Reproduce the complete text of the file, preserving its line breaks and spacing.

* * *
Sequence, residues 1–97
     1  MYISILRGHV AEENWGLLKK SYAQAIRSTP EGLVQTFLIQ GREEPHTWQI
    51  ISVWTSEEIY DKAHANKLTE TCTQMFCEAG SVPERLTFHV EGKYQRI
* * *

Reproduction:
Sequence, residues 1–97
     1  MYISILRGHV AEENWGLLKK SYAQAIRSTP EGLVQTFLIQ GREEPHTWQI
    51  ISVWTSEEIY DKAHANKLTE TCTQMFCEAG SVPERLTFHV EGKYQRI